One of the primary reasons for the corrupt practices of public officials that the citizens of Pakistan have to deal with on a daily basis lies in the fact that citizens do not know how to get their entitlements and rights. On the one hand, this lack of access to information not only creates a disconnect between citizens and public bodies, but also adversely impacts on people’s livelihoods and living standards. On the other hand, it incentivises corruption, as citizens, in the absence of information, have to pay bribes or use connections to get things done when they come into contact with public officials.
Although two excellent right to information laws have been enacted in the shape of the Khyber-Pakhtunkhwa (K-P) Right to Information 2013 and the Punjab Transparency and Right to Information Act 2013, the anti-information legal regime that has fed and sustained the colonial culture of secrecy is not only still intact, it is also used by the bureaucracy to protect its secretive ways of conducting business. In this connection, notwithstanding the overriding powers of the Punjab and K-P right to information laws, West Pakistan Government Servants (Conduct) Rules 1966, Punjab Rules of Business and other such laws, contain provisions contrary to the spirit of these laws and have the potential to be used to discourage citizens to exercise their right to information.
If one goes through the rules of business adopted to run public bodies, one would realise that this blackout of information is institutionalised. While protecting information from disclosure seems to be everybody’s business, sharing information with citizens about functions of public bodies is nobody’s business so far as rules of business are concerned.
If the quality of life of the citizens is to be improved, information about the functions performed by public bodies will have to be shared in a proactive and easily accessible manner that is also easily understood by all citizens. Furthermore, legal regimes like that of West Pakistan Government Servants (Conduct) Rules 1966 and the Official Secrets Act 1923, need to be amended and brought in harmony with the spirit of the newly enacted right to information laws.
Public officials in Punjab carry out their duties in line with the Punjab District Government Rules of Business 2001. It is disconcerting to note that while each task to be performed by a district public body is clearly described in the rules, there is absolutely no mention as to how information is to be shared with citizens. In fact, Section 17 of the Punjab District Government Rules of Business 2001 talks about protecting official information, but there is no provision about sharing information with citizens.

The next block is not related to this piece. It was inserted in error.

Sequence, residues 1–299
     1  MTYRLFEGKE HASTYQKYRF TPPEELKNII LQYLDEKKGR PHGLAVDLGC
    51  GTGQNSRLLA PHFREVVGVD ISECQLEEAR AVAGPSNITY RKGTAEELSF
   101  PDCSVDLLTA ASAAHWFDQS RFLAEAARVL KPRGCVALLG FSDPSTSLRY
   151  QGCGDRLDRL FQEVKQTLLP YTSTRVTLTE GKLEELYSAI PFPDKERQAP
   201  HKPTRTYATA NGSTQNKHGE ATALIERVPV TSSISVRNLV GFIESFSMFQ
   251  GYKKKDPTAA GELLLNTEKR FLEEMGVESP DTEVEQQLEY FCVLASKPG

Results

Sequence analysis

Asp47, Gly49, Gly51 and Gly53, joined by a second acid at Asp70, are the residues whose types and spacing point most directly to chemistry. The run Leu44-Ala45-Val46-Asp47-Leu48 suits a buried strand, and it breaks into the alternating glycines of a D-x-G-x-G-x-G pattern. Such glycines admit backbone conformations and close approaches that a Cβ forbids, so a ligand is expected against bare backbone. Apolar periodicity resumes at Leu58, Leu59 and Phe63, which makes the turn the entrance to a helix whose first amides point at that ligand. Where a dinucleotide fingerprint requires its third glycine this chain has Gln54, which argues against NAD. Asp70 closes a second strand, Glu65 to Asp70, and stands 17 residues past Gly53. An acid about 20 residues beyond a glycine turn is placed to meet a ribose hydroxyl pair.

Hence, as is abundantly clear, the focus is on protecting information rather than sharing it with citizens. In this connection, it is of vital importance that it is made binding on district public bodies to share information with citizens about all the tasks they are assigned to perform under rules of business. In a nutshell, each task to be performed by a public body should be seen through the information-sharing prism and while assigning the task to be performed by a public body, each public body should also be directed regarding how to share information about it with citizens.
For example, if you talk to farmers about their information needs, you will come to know how district agriculture departments are failing to provide even the most basic of information that could be a game changer in terms of improving their livelihoods. They would tell you how timely information about the weather would help them as an early warning could assist them save precious resources. It should not come as a surprise if one is told that the field staff does not visit poor farmers on one pretext or the other, but is at the beck and call of rich farmers. Consequently, farmers are being increasingly thrown at the mercy of market forces needlessly. During my conversations with farmers as a part of a study about their information needs assessment, I was shocked to hear their allegations outlining how some staff of the agriculture department also work for private companies. I have given examples from only one sector, but be it education, health, environment, or for that matter, any other department, the fact is that people are not getting access to the vital information they need.
It is not difficult to provide people the information they need in the manner and language they understand. In this day and age when information and communication technologies (ICT) are impacting us all in various ways, the time has come to use these to redefine the outdated ways of delivering public services to citizens. Already, the Punjab Information Technology Board has developed excellent tools which the Punjab government is employing for performance monitoring purposes in certain sectors. What the Punjab government needs to understand is that the information-collection approach geared towards the performance monitoring of officials needs to be augmented with an information-sharing approach to provide timely and relevant information to citizens. The Punjab government has always made tall claims about good governance and transparency. If it is serious about good governance in the province and wants to set an example to other provinces, it will have to ensure that the rules of business to be framed for the Punjab Local Government Act 2013 are structured on the premise of sharing information with citizens and that ICTs are also put to use for this purpose.
Published in The Express Tribune, August 13th, 2015.
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